let's talk farm animals

How do you judge “scientific credibility”?

By Leslie Ballentine, Farming and food commentator

I like to think that I get my science information from good sources. When it comes to animal ag science, I listen to animal scientists, not politicians or grocery stores.  More over I listen to what other scientists say about a research study, not so much what media or interest groups may have to say in their interpretations.

It is the methodology of the research and the assumptions used that matters, not who pays for it or who promotes it.

Scientific results are best judged by scientists not the public.

Or so it should be. There is good science, meaning it was well conducted and bad science meaning it was not. That comes down to the methodology.

Fellow scientists can read a paper and decide whether the methodology was appropriate. Scientists are trained to look at data and figure out if results were interpreted accurately. By going directly to the research, scientists can judge how the knowledge was built rather than who produced it. That’s why the credible scientific journals have blind peer-review systems, where qualified scientists judge each other’s research and sift out flawed research from credible research.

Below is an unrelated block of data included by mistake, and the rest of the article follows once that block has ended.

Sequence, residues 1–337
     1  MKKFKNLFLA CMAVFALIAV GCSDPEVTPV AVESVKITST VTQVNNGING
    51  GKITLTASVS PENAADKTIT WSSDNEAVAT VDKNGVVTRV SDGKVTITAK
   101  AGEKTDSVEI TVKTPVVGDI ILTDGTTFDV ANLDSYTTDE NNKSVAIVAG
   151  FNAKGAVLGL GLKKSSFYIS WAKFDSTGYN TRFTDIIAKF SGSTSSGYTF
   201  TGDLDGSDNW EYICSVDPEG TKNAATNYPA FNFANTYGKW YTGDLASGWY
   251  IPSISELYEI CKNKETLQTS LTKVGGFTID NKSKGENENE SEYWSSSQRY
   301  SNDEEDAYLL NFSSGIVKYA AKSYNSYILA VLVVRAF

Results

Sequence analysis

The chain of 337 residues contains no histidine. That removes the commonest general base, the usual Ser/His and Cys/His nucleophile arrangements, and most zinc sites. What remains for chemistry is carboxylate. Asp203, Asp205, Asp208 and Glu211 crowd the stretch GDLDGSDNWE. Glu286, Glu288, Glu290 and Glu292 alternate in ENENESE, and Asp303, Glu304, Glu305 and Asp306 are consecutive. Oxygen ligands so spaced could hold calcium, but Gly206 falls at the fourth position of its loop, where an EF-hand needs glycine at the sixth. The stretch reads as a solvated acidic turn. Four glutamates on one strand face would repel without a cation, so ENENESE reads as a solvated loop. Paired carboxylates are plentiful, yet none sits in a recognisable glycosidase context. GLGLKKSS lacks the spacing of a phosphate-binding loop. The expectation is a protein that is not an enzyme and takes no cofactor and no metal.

For the rest of us, figuring out scientific credibility is a tricky job.  After-all the public isn’t about to read peer-reviewed journals. And since most of us are scientifically illiterate in the first place we rely on others to tell us the “scientific truths.”

There are different ways that ordinary people view the credibility of scientific research.

Despite what should be a focus on the content of scientific claims, rather than the person or organization making the claim, it’s hard not to take the messenger’s pedigree into consideration. Even in the scientific world scientists are judged on who they studied under, whether they have been published in major peer reviewed journals, and whether their institutions have good resources. In the public world we judge scientific news and which is often misreported, by who reported it, who funded it, and who stands to benefit from it.

And that largely explains why industry funded research gets a shorter shrift than government research in the court of public opinion. It also explains why celebrity scientists or NGO scientific reports can hold sway with the public rather than the merit of their science (or lack thereof).  And it also explains why there is so much junk science out there, and why so many people believe it.

Until the Next Blog


Posted by BCGL on February 25th, 2013 :: Filed under Consumers,Innovation and technology,Research,Uncategorized
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